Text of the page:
Objective: To describe a rare progressive case of chordoid glioma clinically masquerading as idiopathic diabetes insipidus (DI). Methods: We describe the clinical, radiographic, and laboratory findings of the study patient and briefly review the relevant literature. Results: A 41-year-old woman was referred to our center for evaluation of worsening mental status changes, a newly diagnosed suprasellar mass, and possible endocrine dysfunction. Three years earlier, a physician at another institution diagnosed idiopathic DI and prescribed desmopressin. At that time, laboratory workup and magnetic resonance imaging (MRI) revealed no brain lesions or other hormonal irregularities. Slow, progressive symptomatology in the following 3 years included mental status changes, nonhealing skin lesions, recurrent infections, temperature dysregulation, and midsection weight gain. She became withdrawn and emotionally labile and developed a flat affect, short-term memory loss, poor concentration, and sleep disturbance. MRI revealed a 2.2 × 2.1 × 1.9-cm suprasellar region lesion. Biopsy samples from the third ventricular lesion revealed a circumscribed glial tumor. Chordoid glioma is a rare tumor, and the 50 previously reported cases have been located in the suprasellar region. This is the third reported case of a chordoid glioma positive for neurofilament protein, which brings into question the hypothesis of a single phenotype for glial tumors. Tumors in this region frequently result in endocrine dysfunction that prompts patients to seek medical attention. Conclusions: There is no formally recognized treatment protocol for chordoid glioma, and postoperative mortality and morbidity is high. Our report emphasizes the necessity of close follow-up of patients after a diagnosis of idiopathic DI. Early detection of any evolving occult hypothalamic-pituitary stalk lesion may improve outcome.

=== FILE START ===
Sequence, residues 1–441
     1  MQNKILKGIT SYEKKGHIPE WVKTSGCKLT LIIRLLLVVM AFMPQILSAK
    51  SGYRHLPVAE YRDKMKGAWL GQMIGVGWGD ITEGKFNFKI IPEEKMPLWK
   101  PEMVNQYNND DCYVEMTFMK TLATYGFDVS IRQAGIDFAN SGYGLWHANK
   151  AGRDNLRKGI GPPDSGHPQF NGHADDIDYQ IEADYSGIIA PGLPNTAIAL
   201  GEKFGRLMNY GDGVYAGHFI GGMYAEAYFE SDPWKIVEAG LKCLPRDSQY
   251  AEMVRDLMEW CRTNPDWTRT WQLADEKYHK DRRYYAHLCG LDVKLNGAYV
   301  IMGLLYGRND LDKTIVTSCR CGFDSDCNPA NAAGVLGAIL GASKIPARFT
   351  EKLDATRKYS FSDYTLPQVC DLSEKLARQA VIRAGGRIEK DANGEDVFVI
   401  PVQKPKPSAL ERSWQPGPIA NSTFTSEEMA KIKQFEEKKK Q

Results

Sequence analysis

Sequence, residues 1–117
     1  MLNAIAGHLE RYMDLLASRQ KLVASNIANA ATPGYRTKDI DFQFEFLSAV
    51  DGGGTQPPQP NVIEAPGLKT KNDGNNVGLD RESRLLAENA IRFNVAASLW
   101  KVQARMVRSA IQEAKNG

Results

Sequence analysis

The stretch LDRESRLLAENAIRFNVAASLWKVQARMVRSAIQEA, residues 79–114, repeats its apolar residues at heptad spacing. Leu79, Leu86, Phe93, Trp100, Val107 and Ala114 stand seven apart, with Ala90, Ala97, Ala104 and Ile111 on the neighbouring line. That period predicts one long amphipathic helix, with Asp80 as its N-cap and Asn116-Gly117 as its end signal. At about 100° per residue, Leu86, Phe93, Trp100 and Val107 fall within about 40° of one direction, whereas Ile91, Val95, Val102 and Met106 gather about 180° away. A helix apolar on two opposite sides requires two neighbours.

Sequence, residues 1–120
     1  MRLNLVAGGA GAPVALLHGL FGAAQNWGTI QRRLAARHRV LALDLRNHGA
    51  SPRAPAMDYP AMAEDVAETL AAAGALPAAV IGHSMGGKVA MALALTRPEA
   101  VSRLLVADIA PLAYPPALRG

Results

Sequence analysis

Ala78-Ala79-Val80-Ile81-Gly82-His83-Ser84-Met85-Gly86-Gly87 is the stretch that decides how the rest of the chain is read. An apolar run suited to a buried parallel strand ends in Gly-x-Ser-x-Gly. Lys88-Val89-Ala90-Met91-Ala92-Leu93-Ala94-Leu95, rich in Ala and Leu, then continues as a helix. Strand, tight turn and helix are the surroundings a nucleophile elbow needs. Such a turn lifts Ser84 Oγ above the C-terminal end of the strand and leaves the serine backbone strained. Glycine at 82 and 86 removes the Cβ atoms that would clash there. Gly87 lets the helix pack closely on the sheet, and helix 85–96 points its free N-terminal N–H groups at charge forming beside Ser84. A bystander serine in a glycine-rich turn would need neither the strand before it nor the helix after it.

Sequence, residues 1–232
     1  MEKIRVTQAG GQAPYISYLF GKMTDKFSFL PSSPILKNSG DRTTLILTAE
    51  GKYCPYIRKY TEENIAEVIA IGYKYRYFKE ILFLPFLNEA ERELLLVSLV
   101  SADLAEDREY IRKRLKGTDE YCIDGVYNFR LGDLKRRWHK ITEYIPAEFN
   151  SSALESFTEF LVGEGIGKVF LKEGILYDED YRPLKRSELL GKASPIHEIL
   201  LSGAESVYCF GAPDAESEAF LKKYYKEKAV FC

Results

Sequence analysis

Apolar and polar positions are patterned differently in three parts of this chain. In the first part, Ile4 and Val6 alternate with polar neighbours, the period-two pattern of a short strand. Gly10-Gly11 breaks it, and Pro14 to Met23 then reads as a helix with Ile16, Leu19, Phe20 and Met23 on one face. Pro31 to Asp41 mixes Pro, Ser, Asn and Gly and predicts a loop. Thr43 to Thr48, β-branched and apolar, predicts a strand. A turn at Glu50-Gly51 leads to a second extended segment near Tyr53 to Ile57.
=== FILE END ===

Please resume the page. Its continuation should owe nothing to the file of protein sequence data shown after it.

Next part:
ASJC Scopus subject areas
- Endocrinology, Diabetes and Metabolism